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And there were times where I would-- my mind would kind of, you know, go to the negative. What if, you know, what if I do die? And my partner would say, “Stop. Don't go there.” You know? “That's enough. Like, we’re, you're going to fight.” And my sister said the same thing. Like that's just not even an option. I mean, but then I would say, “Well, what if it is? I mean, what if that does happen? We need to talk about it.” Or I wanted to like have something planned out just in case. But at the same time, you just don't want to go there, because you can't let yourself go there. Because if you do, then what if it does happen? You know what I mean, like almost like I said before about willing yourself healthy. It's like I'd rather just stay in the positive and stay in the light and think that way.

 

Kerry says her partner is a fierce advocate on her behalf.

Kerry says her partner is a fierce advocate on her behalf.

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She had that urgency probably more so than I did. And it was, “You need to get in there.” I felt something? “You need to get in there. You know, there's no waiting on this.” And then there's the doctor saying, “It's probably this. You're young. You're healthy. You don't have any family history” that I knew of. So, to them, it was, you know, “You're young. You're fine. Whatever, just wait.” To her, it was “I've been through this. We're not waiting.” And then there was a point where she even got into a fight with the nurse navigator from [LOCATION] because she said, “Well why can't you do a biopsy of the lymph nodes, or remove them surgically to find out what's going on?” And she said, “We don't do that typically.”

 

Kerry says she deals with her anxiety about uncertainty by learning about other patients’ experiences, and also trusting that her doctors “know what they know” and will do their best to help.

Kerry says she deals with her anxiety about uncertainty by learning about other patients’ experiences, and also trusting that her doctors “know what they know” and will do their best to help.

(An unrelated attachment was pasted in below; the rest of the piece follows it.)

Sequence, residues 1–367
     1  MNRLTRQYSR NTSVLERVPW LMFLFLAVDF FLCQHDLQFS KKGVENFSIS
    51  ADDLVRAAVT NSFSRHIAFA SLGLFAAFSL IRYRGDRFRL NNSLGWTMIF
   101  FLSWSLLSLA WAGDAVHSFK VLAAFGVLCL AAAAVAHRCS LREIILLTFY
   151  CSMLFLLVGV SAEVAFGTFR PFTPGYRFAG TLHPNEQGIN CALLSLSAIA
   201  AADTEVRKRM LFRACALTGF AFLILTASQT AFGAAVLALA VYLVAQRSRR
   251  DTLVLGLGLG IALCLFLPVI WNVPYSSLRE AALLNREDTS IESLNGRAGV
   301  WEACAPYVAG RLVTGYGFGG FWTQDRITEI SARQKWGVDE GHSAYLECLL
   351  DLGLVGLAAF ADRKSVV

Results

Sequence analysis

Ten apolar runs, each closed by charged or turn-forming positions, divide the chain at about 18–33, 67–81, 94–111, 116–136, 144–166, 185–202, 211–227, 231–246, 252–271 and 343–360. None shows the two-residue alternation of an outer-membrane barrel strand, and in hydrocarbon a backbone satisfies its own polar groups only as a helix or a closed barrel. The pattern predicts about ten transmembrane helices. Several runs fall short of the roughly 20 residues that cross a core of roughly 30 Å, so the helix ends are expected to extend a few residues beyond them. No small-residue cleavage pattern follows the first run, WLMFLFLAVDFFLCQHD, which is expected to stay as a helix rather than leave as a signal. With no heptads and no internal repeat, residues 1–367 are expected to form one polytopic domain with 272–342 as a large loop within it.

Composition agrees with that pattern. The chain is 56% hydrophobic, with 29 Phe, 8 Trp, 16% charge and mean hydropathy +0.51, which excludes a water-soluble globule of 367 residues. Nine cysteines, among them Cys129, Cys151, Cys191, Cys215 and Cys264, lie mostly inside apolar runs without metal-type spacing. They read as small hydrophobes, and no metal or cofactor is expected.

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Sure. I think that's a part of the being anxious, is the uncertainty. And dealing with it is, that's a good, that’s a good other question. Because it does come up. I think keeping yourself busy and informed. So I did do a lot of my own research, which is, they say not to do. Because then you're finding things which steer you down the wrong way. And so I think at one point, one of the doctors did say, here's a list of great research places to look at that actually have very well documented information. Because I was going on, I was going on websites where women were actually talking about their experiences just like on blogs. To me, that's where I found my information. Because it was a first hand, this is what I went through. You're not hearing somebody’s second opinion, or this is what the studies say, or whatever. This is somebody's firsthand word at what they're going through and what's happening. Which to me, when you're going through it, you have all these questions and all these concerns and everything running through your mind. And all those uncertainties that you're, I don't know. But you, I did want to find somebody with my exact situation. And it, that’s just, it just isn't out there. You know what I mean? So it's hard. Because you’re, you do have those uncertainties and these things that you question. Because, and you look for the answer, but you're probably not going to find the answer, because no one has been in your position. So, I think the best idea is just to stay as informed as you can about your situation, and also have that trust in the doctors, that they do know what they know, and they went to school, and they, you know, they have experiences where they can help you. But also staying busy, keeping your mind occupied with other things.